The penultimate article (Part 5) in the series about coping skills to control anger will consider:
- Acupressure and Emotional Freedom Technique
- Controlled diet
21. Acupressure and Emotional Freedom Technique
The ancient healing technique of acupressure uses the fingers to press key points on the surface of the skin to stimulate the body’s natural self-curative abilities. It may involve also tapping or rubbing the body and may provide a person with another option regarding how to control their anger. Where acupuncture employs needles, acupressure uses the same points but with gentle yet firm hand or foot pressure. A skilled practitioner will produce changes and movement in energy flow to treat a variety of conditions including stress and anger. It is very difficult to remain angry when your body is relaxed!
An anger management technique known as the Emotional Freedom Technique (EFT) – an ‘energy psychology’ that is based on the concept of Chi, meridians and ‘life-force’ – can be combined with acupressure to fight negative emotions. This works by balancing the brain hemispheres and helps an individual admit to their problems and find forgiveness. It is said to be beneficial in helping a person release feelings of anger and to help them relax.
However, although advocates of energy psychology therapies and EFT claim their effectiveness for treating various physical and psychological disorders e.g. Feinstein 2012, skeptics – which includes mainstream clinical psychology – tend to dismiss them as being nothing more than a placebo effect or even a pseudoscience e.g. Bakker 2013.
Acupuncture has been used for treating stress, mental and emotional problems, irritability and anger for millennia by the Chinese. In fact, anger is viewed as one of the seven emotions which also include joy, sadness, worry, grief, fright and fear. They believe these emotions are intimately linked to the body’s organs, and understanding their interaction and resulting disease is a significant component of Chinese medicine.
Although it is recommended and preferable to be treated by a professional acupuncturist, interestingly, ‘micro-acupuncture point stimulators’, which are designed for self-treatment, can be purchased online. These reportedly replicate professional acupuncture treatments and have been used for anger-related issues.
The sense of smell is linked to the oldest and most primitive part of the brain and is intimately associated with our emotions. Aromatherapy can be defined as, “the process of using volatile plant oils in order to treat not only the physical well being of a person but also their psychological and mental health.” Aromatherapy has been practiced in some form for thousands of years and includes a rich history dating from the ancient Egyptians, Chinese, Greeks, Romans and Persians. The term itself is relatively modern having started in the 20th century.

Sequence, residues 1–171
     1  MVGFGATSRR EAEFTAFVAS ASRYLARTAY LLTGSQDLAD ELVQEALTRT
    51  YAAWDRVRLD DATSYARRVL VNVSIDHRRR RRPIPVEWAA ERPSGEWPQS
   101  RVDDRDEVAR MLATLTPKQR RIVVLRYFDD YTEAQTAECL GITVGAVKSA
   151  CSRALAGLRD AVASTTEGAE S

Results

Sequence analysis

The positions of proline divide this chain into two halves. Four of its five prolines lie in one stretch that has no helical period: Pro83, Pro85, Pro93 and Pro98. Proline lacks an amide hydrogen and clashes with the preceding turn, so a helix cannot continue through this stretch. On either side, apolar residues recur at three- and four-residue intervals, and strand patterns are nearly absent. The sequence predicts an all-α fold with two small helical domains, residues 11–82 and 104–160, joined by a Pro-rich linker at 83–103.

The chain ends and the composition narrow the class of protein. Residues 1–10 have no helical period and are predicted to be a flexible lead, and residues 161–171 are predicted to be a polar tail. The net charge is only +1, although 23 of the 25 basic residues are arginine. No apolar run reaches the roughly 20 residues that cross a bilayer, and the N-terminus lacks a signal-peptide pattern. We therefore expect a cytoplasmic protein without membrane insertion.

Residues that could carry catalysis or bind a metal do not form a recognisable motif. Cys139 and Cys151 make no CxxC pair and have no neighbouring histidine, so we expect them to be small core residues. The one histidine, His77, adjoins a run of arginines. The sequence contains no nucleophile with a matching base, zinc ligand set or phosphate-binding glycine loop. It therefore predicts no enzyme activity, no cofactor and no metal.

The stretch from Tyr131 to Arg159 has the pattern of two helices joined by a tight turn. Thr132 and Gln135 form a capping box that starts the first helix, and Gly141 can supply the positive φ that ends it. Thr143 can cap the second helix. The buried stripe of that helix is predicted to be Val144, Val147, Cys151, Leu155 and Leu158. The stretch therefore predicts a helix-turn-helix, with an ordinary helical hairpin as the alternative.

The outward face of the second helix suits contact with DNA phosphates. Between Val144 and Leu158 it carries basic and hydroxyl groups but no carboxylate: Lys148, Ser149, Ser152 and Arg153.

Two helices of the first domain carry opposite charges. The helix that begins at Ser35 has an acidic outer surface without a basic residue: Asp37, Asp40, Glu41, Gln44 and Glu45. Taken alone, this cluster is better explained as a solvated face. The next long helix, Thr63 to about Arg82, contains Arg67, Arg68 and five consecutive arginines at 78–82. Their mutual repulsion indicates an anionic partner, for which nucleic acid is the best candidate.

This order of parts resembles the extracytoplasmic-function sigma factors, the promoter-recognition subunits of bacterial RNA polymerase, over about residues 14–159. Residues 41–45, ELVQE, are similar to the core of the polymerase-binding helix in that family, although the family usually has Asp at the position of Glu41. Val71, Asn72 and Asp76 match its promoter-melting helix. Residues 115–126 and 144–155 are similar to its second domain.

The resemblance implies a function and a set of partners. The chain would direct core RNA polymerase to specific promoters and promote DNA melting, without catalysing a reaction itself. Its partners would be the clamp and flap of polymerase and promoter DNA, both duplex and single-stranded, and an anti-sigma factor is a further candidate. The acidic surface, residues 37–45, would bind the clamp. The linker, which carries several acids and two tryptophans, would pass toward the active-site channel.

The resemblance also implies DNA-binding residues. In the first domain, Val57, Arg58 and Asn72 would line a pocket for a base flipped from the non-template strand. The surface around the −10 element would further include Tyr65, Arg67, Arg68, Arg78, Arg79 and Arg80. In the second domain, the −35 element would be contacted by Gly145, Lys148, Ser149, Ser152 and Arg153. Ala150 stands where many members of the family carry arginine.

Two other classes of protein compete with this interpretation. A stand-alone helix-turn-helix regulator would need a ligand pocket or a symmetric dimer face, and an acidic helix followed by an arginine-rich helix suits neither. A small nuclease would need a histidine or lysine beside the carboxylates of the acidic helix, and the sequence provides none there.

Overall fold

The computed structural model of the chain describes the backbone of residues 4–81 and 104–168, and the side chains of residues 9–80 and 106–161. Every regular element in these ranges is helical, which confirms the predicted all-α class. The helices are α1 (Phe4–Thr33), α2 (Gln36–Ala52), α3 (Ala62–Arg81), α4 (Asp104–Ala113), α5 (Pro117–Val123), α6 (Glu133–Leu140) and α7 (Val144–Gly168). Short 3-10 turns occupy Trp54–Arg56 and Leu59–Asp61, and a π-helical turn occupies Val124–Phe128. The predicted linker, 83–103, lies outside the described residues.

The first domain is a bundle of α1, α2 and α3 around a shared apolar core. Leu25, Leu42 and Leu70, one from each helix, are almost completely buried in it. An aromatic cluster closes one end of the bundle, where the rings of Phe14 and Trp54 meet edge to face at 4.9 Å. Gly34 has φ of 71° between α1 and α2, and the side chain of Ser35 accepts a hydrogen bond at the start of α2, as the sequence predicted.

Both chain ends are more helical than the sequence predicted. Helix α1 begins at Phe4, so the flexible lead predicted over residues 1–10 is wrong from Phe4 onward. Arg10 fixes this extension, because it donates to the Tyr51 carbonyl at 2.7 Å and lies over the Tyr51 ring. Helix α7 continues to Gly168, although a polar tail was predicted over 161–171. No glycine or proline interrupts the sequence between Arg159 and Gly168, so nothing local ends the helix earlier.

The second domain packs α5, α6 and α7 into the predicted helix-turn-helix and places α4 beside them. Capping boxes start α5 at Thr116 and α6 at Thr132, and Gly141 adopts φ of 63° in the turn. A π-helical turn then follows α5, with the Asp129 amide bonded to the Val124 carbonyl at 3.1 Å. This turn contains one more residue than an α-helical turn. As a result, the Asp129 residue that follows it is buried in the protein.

Depending on the fragrant oil/herb being used, aromatherapy has the ability to alter our mood significantly, whether it is uplifted and invigorated or soothed and relaxed. It can be used to treat a variety of conditions such as sleep issues, headaches and migraines, skin problems, depression, back pain, hair loss and stress or anger. A range of approaches can be used, for example burning plant material, extracting and burning essential oils, massaging oils mixed with a carrier e.g. almond oil on to the body, or incorporating essential oils into various products such as soaps and bath oils.
Examples of aromas that can be beneficial regarding anger and stress include: Benzoin, Beragmot, Cedarwood, Chamomile, Clary, Geranium, Jasmine, Lavender, Orange Blossom, Patchouli, Rose, Sage, Vetiver and Ylang Ylang.
A hydrotherapist is someone who practices hydrotherapy or hydropathy in order to treat illness and offer pain relief. The therapy can be dated to ancient Egyptian, Greek and Roman civilizations.
On a basic level, taking a long relaxing bath or having a refreshing shower could be thought of as a form of hydrotherapy. However, this field utilizes various types of underwater massage, jet treatments and equipment of variable designs including baths, tubs and Jacuzzi’s. An integral component of the treatment is the use and manipulation of water pressure and temperature to produce a positive outcome.
25. Controlled Diet
Maintaining a healthy balanced diet is essential to our well-being. It is also important to have a diet that avoids excessive artificial colorings, preservatives, flavorings, additives and stimulants. Certain food additives not only pose physical health risks e.g. the preservative Sodium Nitrate (commonly found in processed meats and bacon) and the additive Potassium Bromate (volume enhancer for flour, rolls and bread) have been linked to cancer in some studies, but they can also affect the mood of people significantly. For example, studies have shown that the dye Red #40, which can occur in sodas and snacks including tortilla chips, cereals, children’s drinks and even fresh fruit (via agricultural sprays), is associated with memory disturbances, hyperactivity, irritability and anger including violent behavior in sensitive children and adults.
The final article, Part 6, in the series of how to control anger will address the following points:
- Music therapy
- Pet therapy
- Herbs, herbal medicines and teas